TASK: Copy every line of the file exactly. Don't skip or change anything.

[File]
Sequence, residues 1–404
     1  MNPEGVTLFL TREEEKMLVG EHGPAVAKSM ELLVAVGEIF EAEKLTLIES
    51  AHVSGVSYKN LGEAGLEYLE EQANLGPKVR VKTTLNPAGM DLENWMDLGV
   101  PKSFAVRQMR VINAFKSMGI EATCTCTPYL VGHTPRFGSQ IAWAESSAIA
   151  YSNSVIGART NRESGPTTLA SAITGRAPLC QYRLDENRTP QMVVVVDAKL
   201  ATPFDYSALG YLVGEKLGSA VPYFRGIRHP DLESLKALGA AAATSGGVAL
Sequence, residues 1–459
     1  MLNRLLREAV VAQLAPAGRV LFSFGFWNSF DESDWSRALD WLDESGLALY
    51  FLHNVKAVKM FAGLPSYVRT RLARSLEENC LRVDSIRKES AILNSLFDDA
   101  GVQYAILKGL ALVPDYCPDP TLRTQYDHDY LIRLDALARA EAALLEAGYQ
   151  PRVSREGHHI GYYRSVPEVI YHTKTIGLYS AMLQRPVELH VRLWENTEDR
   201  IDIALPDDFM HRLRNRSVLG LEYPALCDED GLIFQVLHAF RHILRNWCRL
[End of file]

Sequence, residues 1–404
     1  MNPEGVTLFL TREEEKMLVG EHGPAVAKSM ELLVAVGEIF EAEKLTLIES
    51  AHVSGVSYKN LGEAGLEYLE EQANLGPKVR VKTTLNPAGM DLENWMDLGV
   101  PKSFAVRQMR VINAFKSMGI EATCTCTPYL VGHTPRFGSQ IAWAESSAIA
   151  YSNSVIGART NRESGPTTLA SAITGRAPLC QYRLDENRTP QMVVVVDAKL
   201  ATPFDYSALG YLVGEKLGSA VPYFRGIRHP DLESLKALGA AAATSGGVAL
Sequence, residues 1–459
     1  MLNRLLREAV VAQLAPAGRV LFSFGFWNSF DESDWSRALD WLDESGLALY
    51  FLHNVKAVKM FAGLPSYVRT RLARSLEENC LRVDSIRKES AILNSLFDDA
   101  GVQYAILKGL ALVPDYCPDP TLRTQYDHDY LIRLDALARA EAALLEAGYQ
   151  PRVSREGHHI GYYRSVPEVI YHTKTIGLYS AMLQRPVELH VRLWENTEDR
   201  IDIALPDDFM HRLRNRSVLG LEYPALCDED GLIFQVLHAF RHILRNWCRL